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Gatineau River Heritage Paddle: A Guide

Cascades (see Origin of Name and Claim to Fame below)

Select location on map below for more information or return to Guide menu.

  • North Rapid

    Site of Former North Rapid

    Levi Reid on his scow

    As one heads south, this is where the first of five rapids was found.

  • Green Rail line Shed

    Green Rail line Shed

    Once used to store the railway's small track cars, also known as "putt putts".

  • Site of "Grey Owl" Filming

    Site of "Grey Owl" Filming

    Site of Grey Owl Filming

    Behind the grey fence, portions of the 1999 Attenborough film "Grey Owl" starring Pierce Brosnan, about naturalist Archie Belaney, took place. A now-dismantled set with several buildings was constructed.

  • Union Church

    Union Church (now a private residence)

    Union Church

    The little white church with arched window and blue roof was used for church services on Sunday and as a schoolhouse from the late 1800s.

  • Peerless Rapids

    Site of the former Peerless Rapids

    Peerless Rapids

    This area was once treacherous, filled with rapids and rocks jutting out. After the flooding in 1926, the section known as the narrows denotes the area where the Gatineau Boom Company would string cables across the river to stop the logs from continuing down the river. The logs, which had been free floating from the Paugan dam to this point, were grouped into floating corrals, called booms. In this form, they would continue down to the Chelsea dam. On the east side of the river is Pike Bay.

  • Peerless Hotel

    Site of the former Peerless Hotel

    The Peerless Hotel

    The famous 4 story 30-room hotel was owned by the Wilson family and was built in the early 1890s. It was a popular spot housing a post office, telephone exchange and general store. The large brick structure was closed when the Gatineau River was flooded by the dams at Chelsea in 1927 and remained standing until the 1940s.

    A daughter of Alice Wilson, a church organist for 40 years at the Union Church (see above), recalls that after she and the other children went to bed at night, Alice would practise her hymns for Sunday. Through a stovepipe hole in the large dining room of the Peerless Hotel, the music and heat, wafted up to the bedroom above, where at least four of the younger children slept in wintertime.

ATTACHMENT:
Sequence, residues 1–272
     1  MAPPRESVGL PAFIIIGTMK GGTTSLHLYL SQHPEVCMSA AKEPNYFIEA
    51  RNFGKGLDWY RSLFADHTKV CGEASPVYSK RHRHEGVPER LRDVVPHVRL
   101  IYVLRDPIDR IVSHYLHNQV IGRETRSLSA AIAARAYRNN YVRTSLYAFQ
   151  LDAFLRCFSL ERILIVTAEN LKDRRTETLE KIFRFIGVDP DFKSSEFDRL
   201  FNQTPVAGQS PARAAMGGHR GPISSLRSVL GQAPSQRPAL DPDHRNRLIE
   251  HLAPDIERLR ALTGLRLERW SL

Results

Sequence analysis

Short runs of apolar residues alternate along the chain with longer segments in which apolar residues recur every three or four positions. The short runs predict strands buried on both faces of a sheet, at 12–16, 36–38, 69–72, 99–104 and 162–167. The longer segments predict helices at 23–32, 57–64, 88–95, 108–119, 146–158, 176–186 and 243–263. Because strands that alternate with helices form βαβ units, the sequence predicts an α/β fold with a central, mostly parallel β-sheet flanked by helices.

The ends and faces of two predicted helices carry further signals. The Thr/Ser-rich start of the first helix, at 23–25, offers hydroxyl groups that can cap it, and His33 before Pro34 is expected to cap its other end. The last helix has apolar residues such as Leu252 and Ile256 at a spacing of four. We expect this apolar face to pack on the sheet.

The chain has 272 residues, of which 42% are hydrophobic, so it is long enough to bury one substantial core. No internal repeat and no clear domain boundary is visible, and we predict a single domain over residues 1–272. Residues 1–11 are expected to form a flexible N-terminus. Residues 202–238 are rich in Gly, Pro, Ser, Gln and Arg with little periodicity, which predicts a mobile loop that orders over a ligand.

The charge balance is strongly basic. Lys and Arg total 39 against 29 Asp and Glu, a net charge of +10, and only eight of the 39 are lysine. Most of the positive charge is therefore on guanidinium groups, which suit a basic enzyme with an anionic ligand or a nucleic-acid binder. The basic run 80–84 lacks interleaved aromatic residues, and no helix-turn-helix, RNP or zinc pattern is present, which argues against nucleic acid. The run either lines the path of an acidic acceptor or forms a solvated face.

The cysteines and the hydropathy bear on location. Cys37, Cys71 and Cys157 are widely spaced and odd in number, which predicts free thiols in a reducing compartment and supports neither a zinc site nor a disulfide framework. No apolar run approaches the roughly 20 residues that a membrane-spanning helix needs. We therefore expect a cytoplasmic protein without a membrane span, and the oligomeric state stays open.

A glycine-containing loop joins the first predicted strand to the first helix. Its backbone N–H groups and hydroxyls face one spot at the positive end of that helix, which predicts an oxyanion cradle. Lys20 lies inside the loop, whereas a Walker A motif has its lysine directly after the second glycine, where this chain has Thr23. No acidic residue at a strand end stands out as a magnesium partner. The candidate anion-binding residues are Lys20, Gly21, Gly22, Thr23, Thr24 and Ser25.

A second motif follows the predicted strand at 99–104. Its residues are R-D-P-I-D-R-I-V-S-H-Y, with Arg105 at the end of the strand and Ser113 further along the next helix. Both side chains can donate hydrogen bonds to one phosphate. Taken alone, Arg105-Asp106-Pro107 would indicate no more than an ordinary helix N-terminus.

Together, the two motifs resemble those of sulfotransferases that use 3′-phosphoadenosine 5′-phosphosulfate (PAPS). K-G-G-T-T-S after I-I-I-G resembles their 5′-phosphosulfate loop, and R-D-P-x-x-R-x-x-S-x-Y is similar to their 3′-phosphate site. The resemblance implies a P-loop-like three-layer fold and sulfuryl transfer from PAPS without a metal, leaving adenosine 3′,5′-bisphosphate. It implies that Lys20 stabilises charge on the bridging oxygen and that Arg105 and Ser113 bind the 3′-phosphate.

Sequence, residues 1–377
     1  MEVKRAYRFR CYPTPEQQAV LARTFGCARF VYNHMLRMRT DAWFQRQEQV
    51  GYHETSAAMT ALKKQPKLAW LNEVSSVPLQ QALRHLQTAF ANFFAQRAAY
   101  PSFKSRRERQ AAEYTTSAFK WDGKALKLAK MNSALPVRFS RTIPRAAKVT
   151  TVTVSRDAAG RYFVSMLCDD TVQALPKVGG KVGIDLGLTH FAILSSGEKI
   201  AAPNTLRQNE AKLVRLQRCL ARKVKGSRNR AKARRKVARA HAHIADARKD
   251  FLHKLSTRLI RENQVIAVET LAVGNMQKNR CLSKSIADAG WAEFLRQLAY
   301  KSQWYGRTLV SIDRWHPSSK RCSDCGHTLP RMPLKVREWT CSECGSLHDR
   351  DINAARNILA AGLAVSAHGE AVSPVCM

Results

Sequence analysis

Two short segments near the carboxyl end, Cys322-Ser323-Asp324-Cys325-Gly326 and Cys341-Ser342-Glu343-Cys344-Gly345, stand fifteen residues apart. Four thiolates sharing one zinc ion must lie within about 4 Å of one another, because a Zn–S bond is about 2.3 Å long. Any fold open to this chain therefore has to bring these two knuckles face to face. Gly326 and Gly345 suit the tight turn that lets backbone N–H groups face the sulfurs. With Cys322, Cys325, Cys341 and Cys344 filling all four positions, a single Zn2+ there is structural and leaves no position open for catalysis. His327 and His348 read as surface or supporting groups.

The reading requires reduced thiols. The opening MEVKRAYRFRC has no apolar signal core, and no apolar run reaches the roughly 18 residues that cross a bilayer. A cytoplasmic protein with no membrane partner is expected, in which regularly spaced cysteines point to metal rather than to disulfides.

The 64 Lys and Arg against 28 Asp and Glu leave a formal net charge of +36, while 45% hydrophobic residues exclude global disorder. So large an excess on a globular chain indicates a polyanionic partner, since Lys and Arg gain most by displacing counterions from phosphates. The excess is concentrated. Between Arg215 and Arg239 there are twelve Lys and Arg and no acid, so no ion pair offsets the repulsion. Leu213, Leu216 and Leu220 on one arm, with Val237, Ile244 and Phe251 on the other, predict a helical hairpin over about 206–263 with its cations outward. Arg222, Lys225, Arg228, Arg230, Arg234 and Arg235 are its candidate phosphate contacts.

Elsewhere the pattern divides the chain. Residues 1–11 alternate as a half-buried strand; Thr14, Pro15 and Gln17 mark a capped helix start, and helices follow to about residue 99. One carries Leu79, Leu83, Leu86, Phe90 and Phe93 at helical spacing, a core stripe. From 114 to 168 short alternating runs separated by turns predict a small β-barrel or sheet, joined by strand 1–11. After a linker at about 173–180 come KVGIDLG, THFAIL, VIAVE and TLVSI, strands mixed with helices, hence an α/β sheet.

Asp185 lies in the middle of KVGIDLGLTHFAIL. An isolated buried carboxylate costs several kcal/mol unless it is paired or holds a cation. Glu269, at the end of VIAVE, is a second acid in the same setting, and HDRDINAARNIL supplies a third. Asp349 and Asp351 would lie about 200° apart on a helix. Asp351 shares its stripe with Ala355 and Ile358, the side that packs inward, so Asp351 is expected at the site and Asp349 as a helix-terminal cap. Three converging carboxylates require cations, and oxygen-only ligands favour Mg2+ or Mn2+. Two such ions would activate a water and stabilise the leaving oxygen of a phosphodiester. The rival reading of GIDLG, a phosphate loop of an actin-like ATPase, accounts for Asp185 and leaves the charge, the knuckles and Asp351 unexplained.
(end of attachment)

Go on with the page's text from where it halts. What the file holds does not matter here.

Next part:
• Float Plane Tie Up

    Float Plane Tie Up

    Float Plane Tie Up
  • Log Boom House (now Cascades Club Dock)

    Site of former Boom House (where the Cascades Club dock is)

    Log Boom House

    In the post flooding period (after 1926) a boom house was located where the Cascades Club dock is now. The Cascades Club is now a thriving paddling club featuring dragon boat, kayak and sprint kayak programs for youth and masters paddlers. The club now sends local athletes to regattas across Canada and around the world.

  • Ramsay Point and McDiarmid heritage cottage

    Ramsay Point and McDiarmid cottage

    McDiarmid heritage cottage

    As one looks straight ahead, the white and red McDiarmid heritage cottage with turret is visible in the distance. On the south shore of Ramsay Bay, it overlooks the lost village of Cascades. This period cottage was built in 1875.

    Merriweather cottage

     

     

     

     

    Merriweather cottage

     

  • Jenness cottage

    Former cottage of Diamond Jenness (1886-1969) and "the Doll House"

    Jenness cottage